This morning as I was getting ready for work, I was watching the Today Show, as I do every morning. Today was a relatively slow news day because the story that received the most coverage during the 7:00-7:22 segment involved the false report filed by a woman who really took her daughter to Disney World. Every element of the story was repeated twice, both in the setup piece and then again when Natalie Morales was interviewing a police officer involved with the case. There were many elements in that reporting piece that were annoying to have to listen to (mainly Natalie Morales' misunderstanding of what racial profiling is), but I digress.
The far more shocking story to me was the one involving Sara Jane Moore who tried to kill President Gerald Ford in 1975 but failed because an onlooker twisted her arm causing the bullet to miss. The entire story was presented as a big reveal with it being teased throughout the morning with an old woman whose identity was shielded because they didn't have lights on her. When it came time for her interview, they undimmed the light in the studio so we could see her face.
Matt Lauer's biggest shock was that she looked like somebody who could be our aunt or (dare he say) grandmother. Sara Jane felt that she needed to do the interview so that people didn't think she was a monster, but just a human being.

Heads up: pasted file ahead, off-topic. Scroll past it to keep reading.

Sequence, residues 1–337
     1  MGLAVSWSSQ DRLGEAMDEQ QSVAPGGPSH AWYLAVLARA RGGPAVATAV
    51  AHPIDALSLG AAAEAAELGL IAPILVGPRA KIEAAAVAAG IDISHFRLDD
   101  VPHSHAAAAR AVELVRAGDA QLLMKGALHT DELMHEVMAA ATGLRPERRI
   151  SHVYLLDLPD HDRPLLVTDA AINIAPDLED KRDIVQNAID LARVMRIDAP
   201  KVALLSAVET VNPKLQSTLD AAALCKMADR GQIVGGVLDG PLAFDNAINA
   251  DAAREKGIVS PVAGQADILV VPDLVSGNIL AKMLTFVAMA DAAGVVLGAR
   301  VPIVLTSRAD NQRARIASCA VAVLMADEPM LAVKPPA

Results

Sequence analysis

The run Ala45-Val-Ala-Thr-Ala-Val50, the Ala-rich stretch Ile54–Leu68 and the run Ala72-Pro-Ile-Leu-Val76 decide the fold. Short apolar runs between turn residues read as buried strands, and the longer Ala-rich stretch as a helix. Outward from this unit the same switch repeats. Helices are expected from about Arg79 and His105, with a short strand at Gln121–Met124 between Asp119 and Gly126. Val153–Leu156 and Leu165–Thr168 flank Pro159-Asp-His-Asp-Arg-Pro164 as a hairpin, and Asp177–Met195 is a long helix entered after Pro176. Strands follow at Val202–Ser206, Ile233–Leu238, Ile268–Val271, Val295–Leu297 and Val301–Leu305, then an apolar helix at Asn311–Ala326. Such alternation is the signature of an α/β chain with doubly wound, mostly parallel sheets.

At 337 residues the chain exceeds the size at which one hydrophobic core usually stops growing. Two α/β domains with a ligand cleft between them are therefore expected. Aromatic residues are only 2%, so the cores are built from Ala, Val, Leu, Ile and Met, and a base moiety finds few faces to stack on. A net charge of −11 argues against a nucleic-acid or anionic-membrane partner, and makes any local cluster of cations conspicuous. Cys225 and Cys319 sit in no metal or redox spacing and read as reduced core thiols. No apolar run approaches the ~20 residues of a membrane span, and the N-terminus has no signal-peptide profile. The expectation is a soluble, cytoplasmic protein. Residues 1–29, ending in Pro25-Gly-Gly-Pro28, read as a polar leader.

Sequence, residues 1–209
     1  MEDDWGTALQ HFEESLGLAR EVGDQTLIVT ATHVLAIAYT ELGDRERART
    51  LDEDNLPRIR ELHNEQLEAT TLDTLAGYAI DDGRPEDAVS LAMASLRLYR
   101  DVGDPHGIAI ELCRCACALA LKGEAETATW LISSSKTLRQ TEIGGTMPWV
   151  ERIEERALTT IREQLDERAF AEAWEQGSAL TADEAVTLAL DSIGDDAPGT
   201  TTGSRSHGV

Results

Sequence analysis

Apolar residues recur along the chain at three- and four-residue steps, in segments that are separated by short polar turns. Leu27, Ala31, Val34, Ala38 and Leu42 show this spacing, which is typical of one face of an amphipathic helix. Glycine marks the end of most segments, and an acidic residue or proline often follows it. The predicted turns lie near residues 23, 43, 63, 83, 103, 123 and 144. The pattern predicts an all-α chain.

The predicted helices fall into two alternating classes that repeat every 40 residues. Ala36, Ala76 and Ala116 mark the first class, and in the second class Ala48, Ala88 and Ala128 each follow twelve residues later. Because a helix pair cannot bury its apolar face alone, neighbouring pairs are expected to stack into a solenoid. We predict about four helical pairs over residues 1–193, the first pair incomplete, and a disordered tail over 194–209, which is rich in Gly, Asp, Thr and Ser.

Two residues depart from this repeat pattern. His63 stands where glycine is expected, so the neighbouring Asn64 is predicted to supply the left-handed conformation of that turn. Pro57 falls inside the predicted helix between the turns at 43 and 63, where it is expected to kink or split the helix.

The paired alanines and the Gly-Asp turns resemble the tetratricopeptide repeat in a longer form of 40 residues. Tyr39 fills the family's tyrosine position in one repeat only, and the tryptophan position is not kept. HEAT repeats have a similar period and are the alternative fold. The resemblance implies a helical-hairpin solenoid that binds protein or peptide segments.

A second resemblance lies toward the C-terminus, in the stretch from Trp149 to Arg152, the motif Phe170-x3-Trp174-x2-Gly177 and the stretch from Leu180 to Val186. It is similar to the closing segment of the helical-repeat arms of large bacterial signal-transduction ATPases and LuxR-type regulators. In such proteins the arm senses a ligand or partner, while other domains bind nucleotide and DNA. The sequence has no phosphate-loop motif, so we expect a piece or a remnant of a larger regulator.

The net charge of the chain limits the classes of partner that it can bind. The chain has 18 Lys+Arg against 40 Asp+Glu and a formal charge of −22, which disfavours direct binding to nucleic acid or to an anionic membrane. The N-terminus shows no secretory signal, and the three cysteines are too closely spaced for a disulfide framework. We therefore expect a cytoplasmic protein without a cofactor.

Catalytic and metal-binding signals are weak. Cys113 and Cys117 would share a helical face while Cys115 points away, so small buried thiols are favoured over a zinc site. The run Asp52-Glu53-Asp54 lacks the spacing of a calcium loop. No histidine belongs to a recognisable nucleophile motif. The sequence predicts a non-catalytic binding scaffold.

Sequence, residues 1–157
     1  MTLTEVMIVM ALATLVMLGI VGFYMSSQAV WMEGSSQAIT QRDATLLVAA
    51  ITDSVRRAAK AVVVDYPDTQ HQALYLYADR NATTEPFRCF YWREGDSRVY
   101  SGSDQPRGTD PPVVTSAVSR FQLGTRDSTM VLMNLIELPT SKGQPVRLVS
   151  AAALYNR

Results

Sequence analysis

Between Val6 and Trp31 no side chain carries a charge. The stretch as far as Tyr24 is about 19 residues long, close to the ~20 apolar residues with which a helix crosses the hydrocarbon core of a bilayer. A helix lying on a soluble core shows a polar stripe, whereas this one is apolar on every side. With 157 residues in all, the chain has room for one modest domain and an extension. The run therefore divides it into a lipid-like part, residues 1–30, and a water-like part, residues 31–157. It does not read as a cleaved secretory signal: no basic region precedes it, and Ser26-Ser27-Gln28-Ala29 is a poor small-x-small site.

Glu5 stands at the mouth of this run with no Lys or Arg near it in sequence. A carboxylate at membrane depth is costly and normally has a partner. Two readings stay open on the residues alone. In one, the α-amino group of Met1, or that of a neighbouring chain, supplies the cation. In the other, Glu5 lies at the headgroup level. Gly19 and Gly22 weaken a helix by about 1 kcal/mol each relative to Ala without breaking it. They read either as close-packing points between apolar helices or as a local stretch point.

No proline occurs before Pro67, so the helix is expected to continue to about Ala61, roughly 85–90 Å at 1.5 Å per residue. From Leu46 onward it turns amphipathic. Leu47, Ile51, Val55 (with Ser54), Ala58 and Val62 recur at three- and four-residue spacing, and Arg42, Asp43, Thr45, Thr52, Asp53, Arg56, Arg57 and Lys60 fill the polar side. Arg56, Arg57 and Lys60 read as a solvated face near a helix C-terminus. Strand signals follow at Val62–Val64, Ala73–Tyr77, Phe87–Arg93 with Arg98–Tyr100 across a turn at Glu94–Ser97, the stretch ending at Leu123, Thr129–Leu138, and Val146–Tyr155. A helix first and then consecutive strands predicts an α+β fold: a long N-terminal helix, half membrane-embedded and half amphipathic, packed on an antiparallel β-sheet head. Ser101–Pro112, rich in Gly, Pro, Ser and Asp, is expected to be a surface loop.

It was all rather odd to me. Matt Lauer was honored to meet her. She had been in jail since her attempt and was on parole. I simply cannot understand how somebody who tried to kill a president is sought to be understood under the lights of a morning news show studio. If somebody tried to kill President Obama, would we eagerly look forward to an interview many years in the future so that they can present themselves not as a monster, but as a human? So we can seek to understand them? Please.
May 21, 2009
May 20, 2009
Back in 2007, I created a list of things to do on the site 43things.com Today, as I was working to streamline my personal online presence, I remembered the site and logged in and saw the list of life goals I had made then. Most of them are things that really seem once in a lifetime, if they were to ever happen at all (i.e. Watch Maryland win a national championship in person).
I also saw that I had posted on my list, "Marry a woman with character, intelligence, personality, and beauty." Those were the things Martin Luther King had sought in a wife, and when I heard about his list, I remember thinking to myself that those characteristics would also be the verbiage of what I, too, would seek.
Finding people with a combination of some of those traits was quite easy. But all four? Never. Until, later, in that very same year I got to get to know Ruth, the person who I will be marrying in 25 days, 1 hour, 45 minutes, 52 seconds.
To all the guys out there: Such women actually do exist in the world, despite my belief that they didn't. I don't know where you might find yours, but I am so glad that I found mine.